The Writers’ Union: An Institutional Model and its Limits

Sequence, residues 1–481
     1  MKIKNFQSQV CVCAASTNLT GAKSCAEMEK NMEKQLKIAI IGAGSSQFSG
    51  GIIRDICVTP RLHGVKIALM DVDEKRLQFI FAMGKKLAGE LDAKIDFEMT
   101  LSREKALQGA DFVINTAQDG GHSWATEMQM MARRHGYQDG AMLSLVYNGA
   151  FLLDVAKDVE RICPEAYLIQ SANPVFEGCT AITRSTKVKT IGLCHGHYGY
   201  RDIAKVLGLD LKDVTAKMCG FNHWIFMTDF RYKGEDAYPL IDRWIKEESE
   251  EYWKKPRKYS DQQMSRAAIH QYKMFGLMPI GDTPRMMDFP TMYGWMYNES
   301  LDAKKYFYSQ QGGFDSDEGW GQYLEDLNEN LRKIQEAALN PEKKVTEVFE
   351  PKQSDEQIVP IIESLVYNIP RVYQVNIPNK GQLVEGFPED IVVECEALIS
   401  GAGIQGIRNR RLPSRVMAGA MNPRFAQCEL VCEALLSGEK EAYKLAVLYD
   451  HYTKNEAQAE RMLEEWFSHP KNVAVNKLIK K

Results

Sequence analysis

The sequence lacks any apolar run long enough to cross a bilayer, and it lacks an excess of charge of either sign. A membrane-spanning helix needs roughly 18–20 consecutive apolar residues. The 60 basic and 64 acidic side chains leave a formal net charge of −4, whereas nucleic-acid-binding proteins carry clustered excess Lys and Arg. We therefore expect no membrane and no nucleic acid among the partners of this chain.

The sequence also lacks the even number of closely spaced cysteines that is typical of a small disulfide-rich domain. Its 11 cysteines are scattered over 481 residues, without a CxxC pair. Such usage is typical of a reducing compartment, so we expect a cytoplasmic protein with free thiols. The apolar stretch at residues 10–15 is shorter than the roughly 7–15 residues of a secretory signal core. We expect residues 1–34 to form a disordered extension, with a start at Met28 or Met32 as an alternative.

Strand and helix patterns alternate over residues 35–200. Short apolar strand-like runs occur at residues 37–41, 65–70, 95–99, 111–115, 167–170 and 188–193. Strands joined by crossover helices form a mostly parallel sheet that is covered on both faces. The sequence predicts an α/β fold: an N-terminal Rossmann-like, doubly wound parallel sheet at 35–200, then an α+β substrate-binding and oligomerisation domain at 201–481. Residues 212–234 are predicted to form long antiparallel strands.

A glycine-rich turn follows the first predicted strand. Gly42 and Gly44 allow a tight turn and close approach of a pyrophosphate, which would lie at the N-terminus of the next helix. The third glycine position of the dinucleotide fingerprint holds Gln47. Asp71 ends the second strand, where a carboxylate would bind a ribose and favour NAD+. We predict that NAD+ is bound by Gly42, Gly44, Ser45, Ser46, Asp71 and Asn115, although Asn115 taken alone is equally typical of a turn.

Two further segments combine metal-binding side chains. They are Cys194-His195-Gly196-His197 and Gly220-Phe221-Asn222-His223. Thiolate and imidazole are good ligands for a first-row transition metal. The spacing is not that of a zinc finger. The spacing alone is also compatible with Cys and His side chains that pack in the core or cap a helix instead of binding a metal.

The aim of the communist states’ cultural policies was to unify and homogenise the writers’ communities in order to control and easily assign them precise ideological functions. The USSR thus created the Writers’ Union, a monopolistic literary institution. After the Second World War this model was reproduced in East European countries that ... [Show full abstract] adopted communist rule. Individual countries’ strategies as well as intense cooperation with similar institutions in the Soviet space followed the Soviet institutional model during all of the communist period. Nevertheless, documents suggest changes that showed the limits of the Writers’ Union. In some cases, doubts were expressed about the model, and some unions even became protest platforms against the political power, which violated their initial agreement. Internal tensions in the unions and tensions in the literary exchanges contradict the existence of a perfect harmony within the Soviet bloc. These institutions thus provide a suitable ground for analyzing the meanings and relevance of the notion of Soviet bloc.